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Temporal Variation in Molluscan Community Structure in an Urban New Jersey Pond
Eric J. Chapman, Robert S. Prezant, and Rebecca Shell

Northeastern Naturalist, Volume 19, Issue 3 (2012): 373–390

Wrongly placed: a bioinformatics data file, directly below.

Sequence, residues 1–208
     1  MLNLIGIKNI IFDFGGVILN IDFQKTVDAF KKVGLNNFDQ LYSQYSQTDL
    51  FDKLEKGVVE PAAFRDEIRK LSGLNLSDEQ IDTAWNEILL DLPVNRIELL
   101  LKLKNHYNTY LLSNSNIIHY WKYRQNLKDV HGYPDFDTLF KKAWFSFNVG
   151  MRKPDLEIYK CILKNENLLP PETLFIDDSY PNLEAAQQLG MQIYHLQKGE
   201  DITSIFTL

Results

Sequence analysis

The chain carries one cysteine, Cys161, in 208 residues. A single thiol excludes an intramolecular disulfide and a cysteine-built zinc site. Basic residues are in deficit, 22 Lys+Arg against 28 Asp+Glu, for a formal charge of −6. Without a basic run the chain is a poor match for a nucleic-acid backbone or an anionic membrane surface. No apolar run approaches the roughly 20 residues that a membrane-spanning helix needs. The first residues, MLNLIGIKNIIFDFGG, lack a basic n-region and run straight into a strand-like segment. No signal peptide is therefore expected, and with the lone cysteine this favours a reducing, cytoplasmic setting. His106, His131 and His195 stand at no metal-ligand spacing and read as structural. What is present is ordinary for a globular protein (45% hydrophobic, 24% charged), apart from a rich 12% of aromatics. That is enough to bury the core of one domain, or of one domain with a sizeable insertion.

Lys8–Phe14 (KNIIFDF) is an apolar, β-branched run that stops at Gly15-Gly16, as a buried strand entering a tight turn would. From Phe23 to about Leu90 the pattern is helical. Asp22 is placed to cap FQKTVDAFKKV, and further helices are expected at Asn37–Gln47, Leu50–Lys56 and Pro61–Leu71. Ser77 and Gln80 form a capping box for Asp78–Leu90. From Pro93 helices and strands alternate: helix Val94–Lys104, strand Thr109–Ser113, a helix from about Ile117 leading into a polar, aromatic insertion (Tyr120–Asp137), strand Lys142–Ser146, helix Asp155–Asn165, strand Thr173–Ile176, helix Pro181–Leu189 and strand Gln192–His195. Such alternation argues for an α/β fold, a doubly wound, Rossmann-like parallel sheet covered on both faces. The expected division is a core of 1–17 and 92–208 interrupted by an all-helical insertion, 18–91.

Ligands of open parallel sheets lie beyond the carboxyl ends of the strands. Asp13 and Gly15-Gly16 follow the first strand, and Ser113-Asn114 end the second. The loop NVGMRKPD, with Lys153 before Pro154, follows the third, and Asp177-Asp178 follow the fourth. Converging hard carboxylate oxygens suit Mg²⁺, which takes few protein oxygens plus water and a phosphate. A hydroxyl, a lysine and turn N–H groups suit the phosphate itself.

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2012 NORTHEASTERN NATURALIST 19(3):373–390 Temporal Variation in Molluscan Community Structure in an Urban New Jersey Pond Eric J. Chapman1, 2,*, Robert S. Prezant1, and Rebecca Shell1 Abstract - Barbour’s Pond is a 4.45-ha pond located in Garrett Mountain Reservation in Passaic County in northern New Jersey, one of the most densely populated regions in the United States. Despite its small size and surrounding urban sprawl, the shallow waters of this pond hold 18 species of molluscs. Monthly samples from March 2004 through March 2006 found the highest diversity in December 2004, and in January, June, and July 2005. Additional samples were taken in April 2007 and May 2010 to spot-check relative diversity years after the original sampling period. Total molluscan abundance was greatest in July and November 2004, possibly reflecting new late spring and autumn cohorts. Univariate statistics demonstrate that this pond has a temporally stable and diverse malacofauna. Analysis, of basic environmental parameters including temperature and pH, however, showed little correlation with molluscan diversity over time, underscoring the stable yet complex nature of biodiversity of this small urban pond. Introduction The potential ecological signifi cance of anthropogenic impacts on ponds has been an area of concern for decades (House and Fordham 1997, Schueler and Simpson 2001, Sriyaraj and Shutes 2001, Stoianov et al. 2000, Urban 2004, Zealand and Jeffries 2009), yet there have been few studies that followed discrete non-vertebrate populations over time. During this time, many natural ponds, particularly those in urbanized areas, have been backfi lled to create more land for housing and commercial needs (Gibbs 2000). In the late 1990s, Boothby and Hull (1997) reported that 61% of the 41,564 ponds reported in an ordinance survey of about 1870 in Cheshire, UK had vanished, with the greatest loss in urban areas. In parallel, small ponds have been created as reservoirs, farm ponds, and recreational habitats. These small freshwater lentic habitats, natural and created, can harbor complex communities (McNicol et al. 1987, 1995). Aside from the communities that reside within the ponds, many non-aquatic organisms also use ponds for food resources or for temporary sanctuary during migrations. The relative health of these environments and the concomitant health of the aquatic fauna in these complex systems are thus of critical importance well beyond the margins of the pond. A well-established body of literature suggests that small and isolated habitats (e.g., islands, ponds) would have relatively low species richness because of localized extinction events (vulnerability due to habitat size), quantitative 1College of Science and Mathematics, Department of Biology and Molecular Biology, Montclair State University, Montclair, NJ 07043. 2Western Pennsylvania Conservancy, Watershed Conservation Program, Indiana, PA 15701. *Corresponding author - echapman@ 374 Northeastern Naturalist Vol. 19, No. 3 limitations reflecting overall size of habitat, and challenges in inter-habitat recruitment (MacArthur and Wilson 1967). Indeed, Gledhill et al. (2008) confirm the negative effect of isolation on invertebrate and plant species richness in ponds, finding that the density of ponds within a localized area has a greater effect on within-pond biodiversity than does any other environmental parameter. Recent work, however, suggests that small habitats can enhance biodiversity in spite of the presumed perils associated with isolation and diminutive size (Scheffer et al. 2006). In fact, the habitat heterogeneity of ponds, in spite of overall size, can offer a mosaic of options for diverse communities (Zealand and Jeffries 2009). Urban ponds offer particularly interesting habitats in terms of relatively small sizes, relatively young ages (for created habitats), and perceived difficulties in recruiting in the face of possible localized extinctions due to anthropogenic contaminants and environmental disruptions and isolation. Thus, it might be assumed that small urban ponds harbor low species diversity. As this study will show, this was not the case for molluscs in Barbour’s Pond, a small urban pond in northern New Jersey. Many of our small ponds and wetlands remain in peril. The disappearance of habitat is occurring at an alarming rate and often with well-known consequences, including increased flooding, loss of biodiversity, and fewer “natural” habitats for human enjoyment (Fahrig 1997), especially in urban environments. Road runoff— including sedimentation from erosion, lawn-care products, and fertilizers— is often overlooked by the public as a potential problem for our aquatic systems and yet can impact large stretches of freshwater systems (Sriyaraj and Shutes 2001). Such run-off has been found to increase nitrogen load by as much as 45% (Wollheim et al. 2005). Climate change and the potential for greater localized precipitation could mean a growing issue of salt run-off during road de-icing in urban areas with dense networks of roadways. Schueler and Simpson (2001) argue that the unique issues associated with urban water systems warrant separation of these lentic systems into a distinct group, especially as related to water management. The current project focuses on the molluscan biota along the more exogenously vulnerable periphery of an urban pond, a faunal assemblage that could comprise an important portion of the food web for a variety of organisms including fi sh and birds, both of which are in turn heavily utilized by people for recreation (i.e., bird watching, fi shing, and hunting). The goals of this study were (1) to identify and quantify all species of molluscs found in the shallow waters of Barbour’s Pond, (2) to document the stability of these molluscan communities through time, (3) to examine possible correlations with community structure and measured environmental parameters, and (4) to consider the factors that could contribute to the overall diversity and stability, short and long term, of this urban freshwater pond. field Site Description Barbour’s Pond (40.9612°N 74.2287°W, elevation at center = 92.0 m), constructed in 1888, is fed by the Slippery Rock Brook and is the only lentic body of water found on Garrett Mountain Reservation in Passaic County, NJ. The pond is 2012 E.J. Chapman, R.S. Prezant, and R. Shell 375 located in the northeastern portion of New Jersey, approximately 20.0 km west of New York City in the Lower Passaic-Peckman River watershed. This watershed contains 9.0 ha of land, the majority of which has been modifi ed by development into a variety of land-use patterns (fig. 1). Percent land use was determined using 30-m resolution Landsat TM images (NOAA 2011). Land cover was classifi ed as developed (high, medium, and low intensity), forest (coniferous and deciduous), figure 1. Survey map with detailed land-use patterns at 30- x 30-m scale. 376 Northeastern Naturalist Vol. 19, No. 3 wetland, and other less common feature classes such as agricultural, barren land, or open water. The Lower Passaic-Peckman River watershed is a combination of high-density residential, commercial, and light industrial land uses, with over 60.0% of the watershed being classifi ed as developed. The city of Paterson, NJ is 1.0 km to the east, and has a declining population of just over 145,000 people (down about 5000 inhabitants since 2000) and a population density of 6667 people per square km (IDcide 2010), making it one of the most densely populated cities in the country. The Reservation lies less than 2.0 km to the east of the large Willowbrook Mall complex and less than 2.0 km to the west of the New Jersey Golf and Country Club. It hosts a variety of human activities with a focus on recreational usage (i.e., jogging, trail hiking, bird watching, fi shing, horseback riding, and frequent large crowds attending high school track and fi eld competitions). There is a paved road for vehicular traffi c that runs along the southern margin of the reservation within close proximity to the south side of Barbour’s Pond. The northern and eastern side of the pond is bordered by another paved public access road. The 229.9 ha that comprise Garrett Mountain Reservation are the only non-developed land in the area (fig. 1), except for an adjacent ≈40.5-ha tract of restricted-access reservoir property. Portions of the substratum in Barbour’s Pond have been modifi ed to increase recreational opportunities by adding large amounts of sand over the typical detritus and muck cover. Historically, a shallow, cemented area along the south rim was an ice-skating platform for winter recreational opportunities. Barbour’s Pond is created by an earthen gravity dam, Barbour’s Pond Dam, positioned along the southern edge of the pond. The dam allows a maximum discharge of 1206.0 cubic feet per second and retains a capacity of 202.0 acre feet. Typical water storage is 108.0 acre feet, draining an area of 155.4 ha (0.6 square miles). On the west side of the pond, there are solid rock formations that quickly drop off into deeper waters, which provide habitat for grazing hydrobiid snails. The northwest edge of the pond quickly transitions into a muddy bottom with a dense population of Nymphaea alba L. (European White Waterlily) and a small outflow creek. The north and northeast sides of the pond hold a dense array of Typha latifolia L. (Broadleaf Cattail) curving into a small (less than 1.0 m wide) inflow ephemeral stream. Substratum on the eastern side of the pond is a mix of sand and mud, often occupied by numerous resident Branta canadensis L. (Canada Goose) and Anas platyrhynchos L. (Mallard Duck). Methods field sampling Samples were taken from areas of Barbour’s Pond accessible through wading along the margins each month for 25 continuous months from March 2004 until March 2006. Sample sites were located along the northeastern border (muddy bank with mixed sand), the northern border along the exiting creek (muddy with Typha marsh habitat), and the northwestern border along the area of Nymphaea. Additional samples from these locations were taken in April 2007 and May 2010. The western rock faces (only accessible through diving) and southern shallow and highly impacted areas (cemented) were not sampled as part of the 2012 E.J. Chapman, R.S. Prezant, and R. Shell 377 continuous sampling effort. Sampling was initiated and completed during midafternoon hours during the fi rst week of each month. We sampled using dip nets with a 500-micron mesh size. To insure all habitats were fully sampled, we also hand-picked mollusks from fallen branches, rocks, and leaf debris for qualitative assessment. Two individuals sampled the same locations for one hour giving us a semi-quantitative sampling protocol that was repeated for the entire monitoring period of our survey. An integral part of our biological sampling regime focused on water-quality monitoring to aid in identifying potential trends in local water quality that could influence molluscan distribution, abundance, and/or diversity. Using hand-held meters, we measured pH (Oakton Pro 300), dissolved oxygen (YSI Model 85), and water and air temperature (YSI 85). During the April 2004 and May 2004 sampling period, the pH unit malfunctioned and was subsequently replaced by a similar hand-held unit (IQ150 system). This adjustment resulted in a data gap for those two months. All molluscs collected were promptly preserved in 70% ethanol (except for freshwater mussels which were identifi ed and immediately returned to their infaunal habitat). Specimens were identifi ed to species level with voucher specimens placed into the New Jersey State Museum. Data analyses Data were analyzed each month using univariate statistics including Margalef’s index (d), species richness (S), and Pielow’s evenness (J') and Shannon-Weiner diversity (H') indices. We employed the statistical program PRIMER (Version 5) to analyze Bray Curtis similarity indices for community structure and monthly occurrences over the 27 months sampled. Results Biological survey We collected a total of 18 species of molluscs from Barbour’s Pond (3216 individuals) from 10 families (Ancylidae, Hydrobiidae, Lymnaeidae, Physidae, Planorbidae, Pleuroceridae, Valvatidae, Viviparidae, Sphaeridae, Unionidae). Gastropod species outnumbered bivalves by a wide margin, with 14 species of gastropods recovered and only 4 species of bivalve, 2 of which were temporally common (Table 1). The six most frequently collected molluscs during the course of this study represented in excess of 88% of the total malacofauna found in Barbour’s Pond (Table 1). For the 27 months sampled, the fewest species recovered in a single sampling event was four in May 2004, while the greatest number collected in a single sampling was 12, which occurred six times (March and December 2004; January, June, and July 2005; and January 2006). The snails Helisoma trivolvis (Rams Horn Snail) and Amnicola limosa (Mud Amnicola) were the most common gastropods collected, albeit from different habitats. Helisoma trivolvis was most commonly found on soft sediments or on submerged twigs and logs; A. limosa, the most abundant species collected, was commonly found on hard substrata including submerged rocks, woody debris, and living aquatic angiosperms, and accounted for 754 of the 3216 total individuals collected or roughly 23% of the total molluscan fauna recovered. Pleurocera 378 Northeastern Naturalist Vol. 19, No. 3 virginica (Virginia Horn Snail), the third most common gastropod, had the widest cohort distribution year round, with small and large specimens regularly found in abundance just beneath a veneer of sandy mud or on submerged branches. Several species of mollusc were collected only rarely including Ferrissia fragilis (Fragile Ancylid), Lymnaea rustica, Gyraulus parvus (Modest Gyraulus), Micromenetus dilatatus (Bugle Sprite), and Pyganodon cataracta (Eastern Floater), each of which was found in less than 25% of the monthly samples. Bivalve occurrences were dominated by two species, both small sphaeriids, Pisidium casertanum (Ubiquitous Pea Clam) and Pisidium equilaterale (Round Pea Clam), which accounted for 91% of the bivalves collected in our 27-month survey. Water chemistry Three environmental parameters—pH, dissolved oxygen, and water temperature— were monitored throughout the duration of the sampling period. None of the parameters measured correlate with overall molluscan diversity (fig. 2). pH was quite variable in this pond and fluctuated from a low of 4.52 in December 2005 to a high of 9.47 in September 2005. The mean pH was 7.01 over the course of our sampling (Table 2). Overall, pH spikes (excessively high or low) had no discernable instantaneous effect on molluscs found in Barbour’s Pond. However, September 2005, with the highest pH recorded (9.47) during our study also showed one of the lowest diversity indices. Rather than reflecting a pH issue, this is most likely related to the very warm waters of the pond seen in August 2005. The next several months (pH of 6.78, 6.87, and 4.52, respectively) had no noticeable or significant change in species distributions for this pond (Table 3). Table 1. Occurrence of species found in Barbour’s Pond, NJ. Mo. = months collected out of 27 total surveyed, % = percent occurence, and n = number of individuals collected. Family Species Common name n Mo. % Hydrobiidae Amnicola limosa (Say) Ordinary Spire Snail 754 26 96.3 Viviparidae Bellamya chinensis (Gray) Chinese Mystery Snail 23 12 44.4 Viviparidae Campeloma decisum (Say) Brown Mystery Snail 15 6 22.2 Ancylidae Ferrissia fragilis (Tryon) Fragile Ancylid 10 3 11.1 Planorbidae Gyraulus deflectus (Say) Irregular Gyralus 32 7 25.9 Planorbidae Gyraulus parvus (Say) Modest Gyraulus 29 7 25.9 Planorbidae Helisoma trivolvis (Say) Ramshorn Snail 515 26 96.3 Lymnaeidae Lymnaea obrussa (Say) Golden Fossaria 56 11 40.7 Lymnaeidae Lymnaea rustica (I. Lea) No common name 3 2 7.4 Planorbidae Micromenetus dilatatus (Gould) Bugle Sprite 14 3 11.1 Sphaeridae Musculium partumeium (Say) Swamp fingernail Clam 100 19 70.4 Physidae Physa acuta (Draparnaud) Tadpole Snail; European Physa 258 24 88.9 Sphaeridae Pisidium equilaterale (Prime) Round Pea Clam 476 25 92.6 Sphaeridae Pisidium casertanum (Poli) Ubiquitous Pea Clam 545 24 88.9 Pleuroceridae Pleurocera virginica (Say) Virginia Horn Snail 290 24 88.9 Lymnaeidae Pseudosuccinea columella (Say) American Ear Snail 31 11 40.7 Unionidae Pyganodon cataracta (Say) Eastern Floater 1 1 3.7 Valvatidae Valvata tricarinata (Say) Three-keeled Valve Snail 64 16 59.3 2012 E.J. Chapman, R.S. Prezant, and R. Shell 379 figure 2. Environmental parameters show no relationship with any of the three diversity measures. d = Margalef’s index, H' = Shannon-Weiner diversity index, J' = Pielou’s evenness index. 380 Northeastern Naturalist Vol. 19, No. 3 Dissolved oxygen concentrations also varied considerably over the 27 months of monitoring, with values ranging from 2.10 mg/L in October 2005 to a high of 10.34 mg/L in April 2004 (Table 2). The general pattern found in Barbour’s Pond appears to be high values in spring when cool run-off from the small tributaries that feed the pond are greatest, and lowest values during the fall turnover of the pond. Dissolved oxygen values were relatively constant over the summer months of 2005 with values in the mid-4.00-mg/L range. Shallow-water temperatures fluctuated greatly in response to ambient air temperatures. In winter sampling, surface ice typically had to be broken in an effort to complete monthly sampling. Water temperatures were lowest in March, with temperatures ranging from 5.0 °C in 2004, 3.9 °C in 2005, and 3.7 °C in 2006. Overall temperatures ranged from a low of 3.7 °C in March 2006 to 38.8 °C in August 2005 (Table 2). Statistical measures Species counts appear to have a cyclical nature, with highest totals occurring in the summer and then again in winter months and with spring and fall having Table 2. Environmental parameters from Barbour’s Pond during March 2004–May 2010. * = Erroneous measurement, unit malfunctioned. pH DO (mg/L) Water temp (ºC) Mar-04 7.18 8.51 5.0 Apr-04 * 10.34 11.6 May-04 * 6.10 17.5 Jun-04 8.90 8.34 22.5 Jul-04 8.20 4.60 24.0 Aug-04 7.25 6.65 23.4 Sep-04 6.72 2.89 24.3 Oct-04 6.34 4.72 21.5 Nov-04 7.16 5.71 12.0 Dec-04 6.97 4.18 7.8 Jan-05 6.69 4.49 5.9 Feb-05 6.35 4.40 5.7 Mar-05 6.44 5.84 3.9 Apr-05 6.53 3.01 17.1 May-05 6.96 4.86 14.1 Jun-05 7.06 4.09 17.8 Jul-05 8.58 4.31 24.6 Aug-05 9.19 4.36 38.8 Sep-05 9.47 6.67 31.9 Oct-05 6.78 2.10 19.5 Nov-05 6.87 4.08 10.5 Dec-05 4.52 4.16 6.1 Jan-06 5.94 3.74 7.8 Feb-06 5.90 4.61 6.3 Mar-06 5.28 4.36 3.7 Apr-07 7.05 5.03 14.0 May-10 7.97 6.17 19.7 Mean 7.01 5.08 15.3 SE 0.25 0.37 1.89 2012 E.J. Chapman, R.S. Prezant, and R. Shell 381 comparatively lower diversity (fig. 3, Table 3). Margalef’s index values (d) were directly related to the number of species found in a given sample, with the lowest values occurring in months that had low numbers of both species and individuals recovered (Table 3). Evenness values (J') varied from a low of 0.698 in May 2010 to a high of 0.925 in September 2005. December 2004 and January 2005 had the highest Shannon-Weiner (H') values, respectively, followed by July 2005, June 2005, March 2004, and January 2006. Lowest diversity values during the two full years of study were found in May and June 2004, following a peak DO value of 10.34 mg/L in April 2004. Our most recent and temporally disconnected sample, taken in May 2010, showed the lowest diversity index to date, an H' of only 1.533. The April 2007 sample also had a low diversity index. Thus, of the six months holding the highest molluscan diversity, three were winter months, two summer months, and a single spring month. To identify possible changes in molluscan distributions through time in Barbour’s Pond, we analyzed monthly data with several similarity indices to examine both temporal community structure and species overlap. Data were Table 3. Univariate Statistics for Barbour’s Pond. S = species richness, n = total # of individuals recovered, d = Margalef’s index, J' = Pielou’s evenness index, and H' = Shannon-Wiener index. S n d J' H'(log2) Mar-04 12 129 2.263 0.870 3.119 Apr-04 7 43 1.595 0.918 2.578 May-04 4 23 0.957 0.902 1.805 Jun-04 6 72 1.169 0.750 1.940 Jul-04 10 222 1.666 0.781 2.595 Aug-04 10 133 1.840 0.813 2.702 Sep-04 6 92 1.106 0.877 2.266 Oct-04 8 156 1.386 0.755 2.266 Nov-04 10 258 1.621 0.766 2.543 Dec-04 12 114 2.323 0.896 3.212 Jan-05 12 126 2.274 0.914 3.277 Feb-05 7 37 1.662 0.767 2.153 Mar-05 7 39 1.638 0.763 2.141 Apr-05 10 113 1.904 0.887 2.946 May-05 9 182 1.537 0.904 2.867 Jun-05 12 167 2.149 0.891 3.194 Jul-05 12 98 2.399 0.904 3.242 Aug-05 9 87 1.791 0.850 2.694 Sep-05 5 83 0.905 0.925 2.148 Oct-05 10 173 1.746 0.793 2.634 Nov-05 7 96 1.315 0.867 2.434 Dec-05 11 96 2.191 0.839 2.903 Jan-06 12 108 2.349 0.844 3.026 Feb-06 10 74 2.091 0.832 2.765 Mar-06 10 80 2.054 0.843 2.801 Apr-07 10 218 1.671 0.732 1.686 May-10 9 195 1.517 0.698 1.533 Mean 9.15 119.04 1.745 0.836 2.573 SE 0.45 11.63 0.083 0.013 0.095 382 Northeastern Naturalist Vol. 19, No. 3 presented in a presence/absence (non-weighted) fashion to remove the bias of dominance of a single species in the data set (Clarke and Warwick 2001). Temporal community structure analysis results showed little support for a broad-scale seasonal grouping (fig. 4). The only two strong seasonal clusters were Nov 2004 and Oct 2005, which compared at 100% similarity, and a grouping of winter/spring months (Feb 2005, April 2004, and March 2005) that grouped together at 85.71%. All other comparisons for a seasonal component yielded little in terms of a positive relationship (i.e., high % similarity). figure 3. Temporal changes in molluscan diversity over time at Barbour’s Pond for the full consecutive 25 months plus the disjunct April 2007 and May 2010 samples. S =number of specimens recovered, n = number of species recovered, H' = Shannon-Weiner diversity index, J' = Pielou’s evenness index, d = Margalef’s index. 2012 E.J. Chapman, R.S. Prezant, and R. Shell 383 Individual species distributions, on the other hand, revealed probable assemblages for this pond (fig. 5). A group of six common species, two congener bivalves and four gastropods, was found to be associated together 91.23% of the time: Amnicola limosa, Helisoma trivolvis, Pleurocera virginica, Pisidium casertanum, Pisidium equilaterale, and Physa acuta (Tadpole Snail or European Physa). figure 4. Bray-Curtis similarity indices on presence/absence transformed data showing temporal community structure and clusters over time. figure 5. Bray-Curtis similarity dendrogram on presence/absence transformed data showing dominant molluscan species assemblage and taxonomic cluster of six species (in rectangle). 384 Northeastern Naturalist Vol. 19, No. 3 Discussion Schueler and Simpson (2001) define urban lakes as satisfying a series of “operational criteria” that include small size, shallow depth, strong influence of watershed, impervious cover (i.e., development), management strategy geared for recreation, and unique hydrology. Pond habitats have a variety of roles in an urban landscape. Ponds are frequently the focal point of parks (Gledhill et al. 2008) and are often heavily used for recreational activities. Parks, associated ponds, and open spaces also have significance in human health and well being (Lees and Evans 2003). Urban parks specifically are considered as strong links in bringing nature back to children (Johnson and Hurley 2002). With their growing importance in our increasingly urbanized environments and as more Americans are moving into cities (2010 US Census:, the likelihood of growing negative impacts on these ponds is also enhanced. Monthly surveys over two contiguous years and disjointed post-surveys have allowed for a better understanding of molluscan communities, distributions, and population fluctuations with regard to temporal structure and physical parameters in Barbour’s Pond, an urban pond that fi ts Schueler and Simpson’s defi nition well. No obvious defi nitive temporal trends surface from this study except that both winter and summer months show relatively high diversity (Table 3). There was a temperature spike in August 2005 followed by a total count of fi ve species recovered the following month (Tables 2, 3). Those recovered represent the most abundant and, perhaps correlatively, hardiest species found in this pond, including Amnicola limosa, Helisoma trivolvis, Pleurocera virginica, Physa acuta, and Pisidium casertanum. It should be noted that the taxonomy of several groups of freshwater molluscs remains in flux and is evolving much more rapidly than the taxa themselves. Small sphaeriid bivalves are often diffi cult to defi nitively identify to species, not just because of their small size but also due to shell variability, allometric variability with growth, variation in characteristics used in nomenclature, and ongoing arguments in the literature that continue to seek resolution over specifi c taxa (Bailey et al. 1983, Dyduch-Falniowska 1983, Holopainen and Kuiper 1982, Korniushin 1998, Lee and Ó Foighil 2003). This taxonomic challenge is also true for the gastropods. We have found two seemingly distinct morphs of Lymnaea (Lymnaea [Fossaria] obrussa and L. rustica). Dillon et al. (2006), however, notes that, because of this family’s flexibility in shell morphology, most of the nominal species within this genus have been assigned to Lymnaea humilis by Hubendick (1951). Overall effects of temperature are often diffi cult to ascertain from a shortterm survey, and we do not have a quantitative evaluation of the communities that could reside in deeper water refuges with more stable temperatures. The results observed here suggest that temperatures over 35 °C could be fatal for some molluscs in the shallow waters of this pond. How often temperatures of this magnitude occur and the relative vulnerability of various species to thermal stress and associated anoxic conditions need to be examined more widely before defi nitive predictions can be made relating water temperature to biodiversity of freshwater 2012 E.J. Chapman, R.S. Prezant, and R. Shell 385 molluscs. As early as 1930, Boycott (1930) defi ned habitats in England that would have diverse molluscan communities as having clean, slow-flowing water, a modicum of submerged angiosperms, and relatively warm waters. Zealand and Jeffries (2009) note that water hardness and conductivity appear most signifi cant in distribution of snail communities; however, in their study of 52 ponds in northern England, they found six ponds absent of snails with “no consistent character to the ponds lacking snails”. The ponds in the latter study had a mean species richness of 2.44, a lower diversity than those found in other European ponds (see Brönmark 1985, Costil 1994, Costil et al. 2001, Pip 1986). The six Barbour’s Pond molluscan species found almost every one of the 27 months sampled include A. limosa (26 months), H. trivolvis (26 months), P. virginica (24 months), P. equilaterale (25 months), P. casertanum (24 months) and P. acuta (24 months) and form a temporal cluster. The molluscan species in this pond seem mostly to be not limited by seasonal fluctuations but are dominated by several resilient taxa with rarer species found intermittently. This heterogeneity of relative abundance could reflect migrations deeper into non-sampled portions of the pond (Amyot and Downing 1997), deeper burial into the substratum (beneath the upper 4–5 cm sampled), stochastic immigration from other nearby ponds, or a reflection of a breeding cycle that reduces the representation of a population to fertilized, over-wintering eggs (which were not sampled in this survey) for part of the year. For over 35 years, MacArthur and Wilson’s (1967) concept of island biogeography has been used to variously explain diversity on islands and in isolated lakes and ponds. This concept suggests that the ultimate number of taxa found on an island (isolated habitat) would be the result of an equilibrium between immigration of new species and extinction. Lassen (1975) found evidence of this equilibrium in a meta-analysis of 86 lakes and ponds in Denmark, both in eutrophic and oligotrophic systems. He noted that oligotrophic lakes had steeper species-area curves likely correlated with higher extinction rates. Similarly, small ponds run higher risks of faunal extinctions, including short-term species losses that are balanced through eventual immigration. Immigration into Barbour’s Pond is poorly understood. Molluscan immigration into a relatively isolated pond could be achieved via several routes: flotation during flood periods (an unlikely event for Barbour’s Pond as it is located atop Garrett Mountain); aerial dispersal from attachment (byssal or mucus) to bird feathers or scales or by passing unharmed through vertebrate digestive systems (see review of both topics in Green and figuerola 2005); import via human activity; or migration from an adjacent lake or pond via stream. A single stream flows into Barbour’s Pond from the northeast corner. This stream is very narrow and sluggish, only flowing with any speed or strength after a major rain event. The outflow, at the northwest corner of the lake has a more substantial and constant flow, delivering water to the New Street Reservoir and on to the Passaic River. Nevertheless, Lewis and Magnuson (2001) have clearly determined that gastropods use streams as “dispersal corridors” and that diversity will increase in isolated highland lakes that are stream-connected to other lakes; these feeder and outflow streams may serve as a dispersal corridor. 386 Northeastern Naturalist Vol. 19, No. 3 With signifi cant rain storms, there could be a temporary, enhanced molluscan biodiversity, including less tolerant species (for this particular pond), that dissipates over short periods of time. Of the 18 total species collected, only one is an invasive, Bellamya chinensis (Gray) (Chinese Mystery Snail). There are numerous other non-indigenous molluscan species affecting overall conservation goals and species distributions within New Jersey, most notably Corbicula fluminea (Müller) (Asiatic clam) (NJDEP 2008), which is commonly found in surrounding lotic and lentic systems (Prezant and Chapman 2006, Vazquez and Perera 2010). Considering the dispersal properties of juvenile C. fluminea (Prezant and Chalermwat 1984), and the presence of inflow and outflow streams plus regular visits by fi shermen who often use fi eld-collected clams as bait, it is likely only a matter of time before this invasive bivalve fi nds its way into Barbour’s Pond. Barbour’s Pond is regularly stocked with a number of different fi sh species for recreational purposes, several of which are known to be glochidial hosts for New Jersey unionids. Oncorhynchus mykiss (Walbaum) (Rainbow Trout), a known host of Margaritifera margaritifera (L.) (Eastern-River Pearl Mussel; Cordeiro and Bowers-Altman 2003), are stocked in November for public angling opportunities; other fi sh recorded from the pond include Ictalurus punctatus (Rafi nesque) (Channel Catfi sh), a host of Utterbackia imbecilis (Say) (Paper Pondshell; Rogers- Lowery and Dimock 2006), and Lepomis gibbous L. (Pumpkinseed), a known host of Anodonta implicata (Say) (Alewife Floater) and Pyganodon cataracta among others (Cordeiro and Bowers-Altman 2003). Pyganodon cataracta was found in one sample taken for this study and has also been noted on other occasions by the authors. Given the frequent stocking of host fi shes into Barbour’s Pond and the large area of lake bed not surveyed to date, it is possible that small populations of other of these unionids will establish themselves, or indeed have already been established. Though the location of Barbour’s Pond within a county park, which is essentially a green oasis surrounded by highly developed properties, should provide protection from common forms of anthropogenic perturbations seen in urbanized areas (i.e., draining, back fi lling, and cut-off from recharging sources of water), we suspect the pervasiveness of other urban effects in part influences pond pH and dissolved oxygen levels. Given this anthropogenic influence, the malacofaunal richness identifi ed was not expected. Similar surveys of the malacofauna of West Point Military Academy in nearby New York State (Prezant and Chapman 2004) revealed considerably lower molluscan diversity in comparable lentic bodies, as did work on larger lakes in Denmark which contained an equal or lower number of gastropods (Lassen 1975). A total of only 18 species of gastropods were found in the 115 southern Swedish ponds sampled by Brönmark (1985), with a maximum richness of 14 species and an average of just under 8 species. In the UK, Zealand and Jeffries (2009) recovered only 1–3 species of snails from 46 of 52 ponds they sampled, with a maximum number of 7. The latter authors found no correlation of species distributions with conductivity and only a very weak negative correlation with pH. Importantly, they found that similarity of gastropod communities decreased with distance between ponds. 2012 E.J. Chapman, R.S. Prezant, and R. Shell 387 And so, what is driving the high molluscan diversity in this small urban pond in New Jersey? Reports by Brown and Lomolino (2000), Whittaker (2000), and Scheffer et al. (2006) are beginning to show that the concept of island biogeography from MacArthur and Wilson’s pivotal work (1967) may be over-extended. In fact, small isolated habitats, even those degraded by human environmental impacts, can harbor high species richness. These phenomena could reflect localized microhabitat diversity, biological control over species richness, or small regional interspecifi c (biological) regulation of communities (Urban 2004). Specifi c to ponds, clusters of several small ponds house greater numbers of species than solitary ponds of larger size (Oertli et al. 2002). Because ponds are vulnerable to rapidly shifting environmental features both seasonally and across years, there can be heterogeneity of local microhabitats based not just on physical structure (both manmade and natural in ponds within parks), but on longer-term temporal structure (including, in urban ponds, changes induced as parks are modifi ed to suit human needs). It would be assumed that many of the taxa in these communities are “generalists”, conserving traits that allow them to tolerate a range of rapidly shifting environmental parameters. Variability across differing environmental landscapes within the pond can be reflected in broad (across the pond) diversity and shifting temporal populations. This variability reflects the mosaic of habitats within the pond at any one moment in time as well as across time and, in turn, the possibility of a diverse biota with a relatively stable sub-community of a few taxa across time. The influence of biological accommodation within this broad community, including predator “influence”, is yet to be examined but will certainly play an important role in defi ning fi nal habitat diversity. Acknowledgments This research would not have been possible without the generous fi nancial support of Montclair State University. 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